The security community has been demonstrating successful cloning of contactless transactions since at least 2012. Full cloning of cards is not possible, and current cloning methods can only rely on copying an out-of-date implementation of the contactless standard to be successful. By Niel van der Walt
There are two standards that contactless cards generally support: a legacy magnetic stripe compatible mode and an EMV compliant mode. The magnetic strip compatibility allows contactless cards to be used in the place of old swipe-to-pay technology. While such backwards compatibility makes upgrading to contactless technology easier, it means that the security flaws inherent in the old technology are still present in contactless cards.
The EMV complaint implementations use secure cryptography and transaction checks that make even the most advanced cloning techniques obsolete. Contactless cards also support the new EMV complaint standards and therefore the entire card cannot be cloned, only the legacy implementation part of the card can be cloned.
How is cloning of transactions done?
A criminal needs to get a contactless reader within close proximity to the card he intends to copy. While reading of contactless data should be possible up to 10 cm, in practice this distance needs to be less than 5 cm to be reliable. The reason for the range limitation is that the contactless card receives its power directly from the reader, and sufficient power transfer is only possible at short range.
The contactless card reader presents the victim’s card with a payment request that mimics that of a payment terminal. Different payment processors such as MasterCard and VISA have their own security implementations to attempt to provide security. The standards between these payment processors differ, however, and the cloning process is unique to the type of card.
The criminal’s contactless reader will query the victim’s card many times, using a new random number for the transaction each time. The card’s response is recorded each time and stored in a table for later use in cloning transactions. The attack ends when the criminal has gathered all of the responses to the possible random numbers. It can take between 10 seconds and 10 minutes to complete this process since between 100 to 10000 random numbers need to be tried.
The criminal will then transfer the data to a programmable contactless card or to a cellphone with contactless capabilities. The criminal will then buy goods to just below the value the contactless payments allow, which is about R200.00 in South Africa, and present the programmed card or cellphone for payment. The payment terminal generates a unique random number that it sends to the card to attempt to verify that the payment method is not a clone. Because the clone contains all the valid responses to all the possible random numbers, it looks up the correct response and sends it to the terminal. The payment proceeds using the card details that were copied from the victim and the payment usually succeeds.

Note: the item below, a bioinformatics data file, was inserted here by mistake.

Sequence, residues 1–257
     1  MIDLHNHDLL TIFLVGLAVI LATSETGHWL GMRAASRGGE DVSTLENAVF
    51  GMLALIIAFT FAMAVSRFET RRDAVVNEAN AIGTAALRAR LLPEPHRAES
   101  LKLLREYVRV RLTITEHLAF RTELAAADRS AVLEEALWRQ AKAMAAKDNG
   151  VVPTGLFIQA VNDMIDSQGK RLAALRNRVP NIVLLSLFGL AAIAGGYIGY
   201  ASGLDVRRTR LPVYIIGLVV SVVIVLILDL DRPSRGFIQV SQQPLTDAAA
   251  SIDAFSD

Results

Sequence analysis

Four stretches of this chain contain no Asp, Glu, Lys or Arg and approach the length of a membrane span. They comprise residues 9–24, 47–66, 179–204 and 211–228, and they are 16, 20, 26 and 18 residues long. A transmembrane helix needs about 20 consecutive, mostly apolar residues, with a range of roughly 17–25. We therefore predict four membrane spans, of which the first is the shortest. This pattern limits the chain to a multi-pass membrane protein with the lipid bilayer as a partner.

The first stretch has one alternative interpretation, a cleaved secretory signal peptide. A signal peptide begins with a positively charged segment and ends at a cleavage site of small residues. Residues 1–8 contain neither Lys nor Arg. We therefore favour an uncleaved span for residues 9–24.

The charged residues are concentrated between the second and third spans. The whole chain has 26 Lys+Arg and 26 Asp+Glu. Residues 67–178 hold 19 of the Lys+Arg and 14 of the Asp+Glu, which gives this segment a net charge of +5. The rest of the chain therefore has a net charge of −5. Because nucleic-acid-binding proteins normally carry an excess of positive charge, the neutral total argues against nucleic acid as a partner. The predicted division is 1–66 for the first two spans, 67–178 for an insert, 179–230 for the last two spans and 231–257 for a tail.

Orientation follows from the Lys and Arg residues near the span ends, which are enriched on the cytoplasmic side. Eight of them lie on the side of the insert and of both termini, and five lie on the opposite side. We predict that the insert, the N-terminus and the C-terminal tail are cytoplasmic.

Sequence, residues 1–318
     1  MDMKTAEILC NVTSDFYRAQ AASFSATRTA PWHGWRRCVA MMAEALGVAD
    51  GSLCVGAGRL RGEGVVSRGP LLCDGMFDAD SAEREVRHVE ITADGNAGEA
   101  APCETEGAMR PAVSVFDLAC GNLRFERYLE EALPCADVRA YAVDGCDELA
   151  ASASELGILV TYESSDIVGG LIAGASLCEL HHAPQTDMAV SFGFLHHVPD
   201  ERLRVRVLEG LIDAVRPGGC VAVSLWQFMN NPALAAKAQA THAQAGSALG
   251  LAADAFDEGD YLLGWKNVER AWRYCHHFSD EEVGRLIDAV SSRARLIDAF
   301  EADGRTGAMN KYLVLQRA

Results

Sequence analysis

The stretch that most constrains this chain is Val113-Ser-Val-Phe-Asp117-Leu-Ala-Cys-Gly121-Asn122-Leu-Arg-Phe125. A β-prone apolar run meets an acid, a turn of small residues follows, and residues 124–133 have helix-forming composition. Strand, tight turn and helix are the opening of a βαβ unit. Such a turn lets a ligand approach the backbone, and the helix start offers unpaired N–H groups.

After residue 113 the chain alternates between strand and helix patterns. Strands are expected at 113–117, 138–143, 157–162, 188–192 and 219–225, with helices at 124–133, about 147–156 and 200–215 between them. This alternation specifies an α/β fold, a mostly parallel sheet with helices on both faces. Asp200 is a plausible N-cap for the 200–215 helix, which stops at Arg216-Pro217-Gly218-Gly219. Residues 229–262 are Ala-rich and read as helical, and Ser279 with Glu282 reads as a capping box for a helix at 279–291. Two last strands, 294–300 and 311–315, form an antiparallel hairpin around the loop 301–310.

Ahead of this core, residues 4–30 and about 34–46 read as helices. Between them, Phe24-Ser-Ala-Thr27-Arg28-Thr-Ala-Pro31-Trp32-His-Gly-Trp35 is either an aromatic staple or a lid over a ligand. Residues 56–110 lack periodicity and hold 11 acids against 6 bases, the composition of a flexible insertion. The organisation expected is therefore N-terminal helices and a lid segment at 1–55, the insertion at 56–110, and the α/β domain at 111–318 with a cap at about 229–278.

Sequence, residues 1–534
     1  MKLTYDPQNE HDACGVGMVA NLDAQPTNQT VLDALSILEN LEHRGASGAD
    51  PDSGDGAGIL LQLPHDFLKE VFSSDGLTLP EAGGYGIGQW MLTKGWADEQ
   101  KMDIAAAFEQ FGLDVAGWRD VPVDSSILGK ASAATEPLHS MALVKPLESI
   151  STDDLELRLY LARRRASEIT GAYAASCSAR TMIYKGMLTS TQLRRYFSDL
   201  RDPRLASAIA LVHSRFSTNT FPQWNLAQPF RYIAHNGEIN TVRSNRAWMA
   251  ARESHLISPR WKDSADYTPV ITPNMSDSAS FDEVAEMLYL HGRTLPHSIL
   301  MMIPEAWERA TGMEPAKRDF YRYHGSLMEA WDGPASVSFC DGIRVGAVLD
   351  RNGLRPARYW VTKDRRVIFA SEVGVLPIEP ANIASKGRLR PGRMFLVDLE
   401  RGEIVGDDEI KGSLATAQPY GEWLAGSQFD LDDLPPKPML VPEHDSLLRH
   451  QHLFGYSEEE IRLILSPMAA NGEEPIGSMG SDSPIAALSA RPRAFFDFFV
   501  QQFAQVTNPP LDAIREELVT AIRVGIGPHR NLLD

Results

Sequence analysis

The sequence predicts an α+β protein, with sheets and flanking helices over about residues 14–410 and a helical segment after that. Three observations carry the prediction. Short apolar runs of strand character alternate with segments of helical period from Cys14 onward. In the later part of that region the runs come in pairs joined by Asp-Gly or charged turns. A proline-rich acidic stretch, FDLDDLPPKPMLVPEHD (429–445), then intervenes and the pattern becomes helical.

Depending on the implementation, the victim’s card may only use a static CVV to authenticate a contactless payment. This means that copying one transaction gives enough information to clone the legacy transaction implementation of a VISA card. The criminal will bring a contactless reader close to the victim’s card and issue a standard processing request to it. The victim’s card will respond with the card details and the CVV number. The criminal will then write this data to a programmable contactless card or to his cellphone with contactless capabilities. Presenting the cloned details for a transaction will most likely be successful. The same payment limit exists as for the MasterCard implementation.
What can be done to prevent my card transactions from being cloned?
At present customers need to insist that banks provide them with safe contactless cards that conform to up-to-date international security standards. Secure contactless card implementations do exist, but many banks are currently not making use of these methods. While the legacy modes are sometimes required for successful transactions, there exist secure implementations of these modes that are not easily cloneable.
Furthermore, payment processors can update their systems to detect cloned cards and block them. Any cloning method will cause a detectable change in the payment details due to the sequential nature of payments. A break in the sequence is an indication that card cloning may have occurred.
Until improvements to the way contactless cards implement transactions are made and payment terminals are programmed to detect and reject cloned cards, contactless technology will remain at risk.
Is contactless technology safe?
Contactless card crime is currently on the increase, but thus far the statistics show that it is of much less concern than other payment methods. Having said that, contactless fraud may increase significantly as criminals gain access to hardware and software that allow them to steal contactless information.
It is the responsibility of the banks and payment processors to make sure they stay one step ahead of criminals by updating their contactless cards to use secure transaction standards.
The response of MasterCard to the issue is that their standards already contain sophisticated countermeasures to cloning attacks.
The failure at this point is not that the contactless standards are insecure, but rather that outdated standards are used. Implementing the available countermeasures to card cloning and other attacks would improve contactless card technology to a very high level of security.
- Niel van der Walt at MWR Infosecurity